Your body needs some fat, a type of Meal, for energy, to absorb vitaminsand to protect Health Like your heart and brain, just like it does with proteins and carbohydrates. We’ve been warned for years that eating fat will increase cholesterol, increased waist measurement, and many other health problems. We now understand that not all fats are created equal, however. Your ability to manage your mood, stay mentally sharp, fight fatigue and even maintain weight control is greatly aided by good fats. Learning to understand the difference between healthy and unhealthy fats and increasing the amount of healthy fats in your diet will help you feel better mentally and physically, have more energy, and even lose weight. (Also read: Why are fats your blood sugar’s best friend? know from expert ,
“There is often a lot of confusion about healthy fats. Many people consider adding dairy, including butter, coconut oil, and eggs, as well as avocados, nuts, and seeds, as sources of ‘healthy fats. The truth is that dairy is not considered a healthy fat. Nor are coconuts or any coconut products. These are saturated fats, which are a type of fat that should not be consumed in excess because they have negative health effects. Dairy Although a bit of a gray area, because the fat in dairy is saturated (bad) fat, research has suggested that the fat in dairy does not contribute to the same health risks as other unsaturated fats. Therefore, while it is not considered a healthy fat. It’s not unhealthy either. It’s considered ‘neutral’ on heart health”, says dietitian and nutrition coach Lizal Rosario in her Instagram post.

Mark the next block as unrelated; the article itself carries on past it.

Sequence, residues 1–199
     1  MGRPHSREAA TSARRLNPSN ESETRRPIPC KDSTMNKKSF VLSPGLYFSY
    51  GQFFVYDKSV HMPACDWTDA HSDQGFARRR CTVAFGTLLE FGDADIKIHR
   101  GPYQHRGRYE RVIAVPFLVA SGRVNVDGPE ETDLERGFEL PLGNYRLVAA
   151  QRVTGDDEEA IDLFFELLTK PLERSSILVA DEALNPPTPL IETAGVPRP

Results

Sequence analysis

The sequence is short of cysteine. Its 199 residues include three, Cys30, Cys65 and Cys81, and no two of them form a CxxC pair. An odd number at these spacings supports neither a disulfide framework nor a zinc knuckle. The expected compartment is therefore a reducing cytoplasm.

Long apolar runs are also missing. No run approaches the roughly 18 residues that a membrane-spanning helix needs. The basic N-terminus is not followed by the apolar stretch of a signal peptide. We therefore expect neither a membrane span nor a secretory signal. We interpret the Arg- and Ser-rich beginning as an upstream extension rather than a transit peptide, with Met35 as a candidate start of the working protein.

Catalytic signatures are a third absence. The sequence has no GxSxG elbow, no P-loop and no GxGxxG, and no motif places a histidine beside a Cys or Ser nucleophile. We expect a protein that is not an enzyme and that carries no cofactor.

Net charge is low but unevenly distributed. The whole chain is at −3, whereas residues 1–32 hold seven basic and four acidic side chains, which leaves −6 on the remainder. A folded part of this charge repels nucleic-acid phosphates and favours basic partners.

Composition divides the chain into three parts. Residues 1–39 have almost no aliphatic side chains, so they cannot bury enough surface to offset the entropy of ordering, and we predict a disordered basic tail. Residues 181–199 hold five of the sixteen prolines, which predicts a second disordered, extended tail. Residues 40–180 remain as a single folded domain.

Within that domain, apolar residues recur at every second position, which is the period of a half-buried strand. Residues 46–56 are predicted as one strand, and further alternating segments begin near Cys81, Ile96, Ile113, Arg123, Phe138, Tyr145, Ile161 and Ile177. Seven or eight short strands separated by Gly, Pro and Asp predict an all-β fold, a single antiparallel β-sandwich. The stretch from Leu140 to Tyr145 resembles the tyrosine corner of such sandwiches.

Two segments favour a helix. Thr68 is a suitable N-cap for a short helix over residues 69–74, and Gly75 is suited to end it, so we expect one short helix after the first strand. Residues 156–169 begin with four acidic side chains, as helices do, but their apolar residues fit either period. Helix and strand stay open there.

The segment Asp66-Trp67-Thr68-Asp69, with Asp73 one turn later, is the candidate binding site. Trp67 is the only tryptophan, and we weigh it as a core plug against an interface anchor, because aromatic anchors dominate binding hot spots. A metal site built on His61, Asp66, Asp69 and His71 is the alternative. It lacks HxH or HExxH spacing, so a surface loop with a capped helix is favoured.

She adds, “Eggs contain mostly saturated fat as well as unsaturated fat and they also have a neutral association with heart health and the Heart Foundation no longer has a recommended maximum per week for you. Want to include more. Stick to healthy fats, nuts, seeds and nut/seed oils, avocados, walnuts, butter and fatty fish in your diet.”
What are healthy fats?
Unsaturated fats aka ‘healthy fats’ help reduce the risk of high blood cholesterol, heart disease and overall mortality. There are two main forms of unsaturated fat, polyunsaturated and monounsaturated. They differ in their chemical composition and as a result have slightly different health benefits.
- monounsaturated fat Include olive, canola, sesame, safflower and peanut oils, avocado, some nuts, such as cashews, almonds, some seeds and peanut butter.
- polyunsaturated fat These mainly include two types of omega fats, the first being omega-3 fats such as oily fish, walnuts, chia seeds and soybeans. The second is omega-6 fats that can be found in foods such as sunflower, soybean and sesame oils, nuts and sunflower seeds.
- Saturated fatExcess of these in the body increases the risk of heart disease and high blood cholesterol levels. This includes food such as dairy, coconut products, fries, cakes, etc.
- trans fat: These are unsaturated fats that have been processed and, as a result, behave like saturated fats. An increase in ‘bad’ cholesterol in the body and a decrease in ‘good’ cholesterol determines a major risk factor for heart disease. Its main sources are butter and canned foods.